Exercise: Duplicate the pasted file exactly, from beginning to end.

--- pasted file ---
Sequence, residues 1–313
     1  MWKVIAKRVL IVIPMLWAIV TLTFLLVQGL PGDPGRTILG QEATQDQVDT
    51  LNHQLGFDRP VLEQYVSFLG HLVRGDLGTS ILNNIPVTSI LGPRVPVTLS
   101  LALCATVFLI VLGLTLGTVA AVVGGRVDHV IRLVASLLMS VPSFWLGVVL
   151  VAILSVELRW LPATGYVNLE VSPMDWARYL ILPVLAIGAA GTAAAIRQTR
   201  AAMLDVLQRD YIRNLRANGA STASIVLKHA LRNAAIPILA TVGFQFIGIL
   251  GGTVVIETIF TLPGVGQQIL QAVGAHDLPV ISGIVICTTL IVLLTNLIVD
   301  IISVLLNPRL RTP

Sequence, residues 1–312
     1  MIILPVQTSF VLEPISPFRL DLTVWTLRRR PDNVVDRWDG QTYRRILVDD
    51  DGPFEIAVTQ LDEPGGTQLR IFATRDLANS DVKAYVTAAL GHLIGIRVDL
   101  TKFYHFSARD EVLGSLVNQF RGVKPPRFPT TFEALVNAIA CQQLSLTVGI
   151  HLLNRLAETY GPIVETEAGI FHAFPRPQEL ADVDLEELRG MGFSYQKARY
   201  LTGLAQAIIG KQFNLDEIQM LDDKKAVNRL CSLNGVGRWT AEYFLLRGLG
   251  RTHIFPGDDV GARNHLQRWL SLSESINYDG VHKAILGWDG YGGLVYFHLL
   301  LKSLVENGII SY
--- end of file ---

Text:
Sequence, residues 1–313
     1  MWKVIAKRVL IVIPMLWAIV TLTFLLVQGL PGDPGRTILG QEATQDQVDT
    51  LNHQLGFDRP VLEQYVSFLG HLVRGDLGTS ILNNIPVTSI LGPRVPVTLS
   101  LALCATVFLI VLGLTLGTVA AVVGGRVDHV IRLVASLLMS VPSFWLGVVL
   151  VAILSVELRW LPATGYVNLE VSPMDWARYL ILPVLAIGAA GTAAAIRQTR
   201  AAMLDVLQRD YIRNLRANGA STASIVLKHA LRNAAIPILA TVGFQFIGIL
   251  GGTVVIETIF TLPGVGQQIL QAVGAHDLPV ISGIVICTTL IVLLTNLIVD
   301  IISVLLNPRL RTP

Sequence, residues 1–312
     1  MIILPVQTSF VLEPISPFRL DLTVWTLRRR PDNVVDRWDG QTYRRILVDD
    51  DGPFEIAVTQ LDEPGGTQLR IFATRDLANS DVKAYVTAAL GHLIGIRVDL
   101  TKFYHFSARD EVLGSLVNQF RGVKPPRFPT TFEALVNAIA CQQLSLTVGI
   151  HLLNRLAETY GPIVETEAGI FHAFPRPQEL ADVDLEELRG MGFSYQKARY
   201  LTGLAQAIIG KQFNLDEIQM LDDKKAVNRL CSLNGVGRWT AEYFLLRGLG
   251  RTHIFPGDDV GARNHLQRWL SLSESINYDG VHKAILGWDG YGGLVYFHLL
   301  LKSLVENGII SY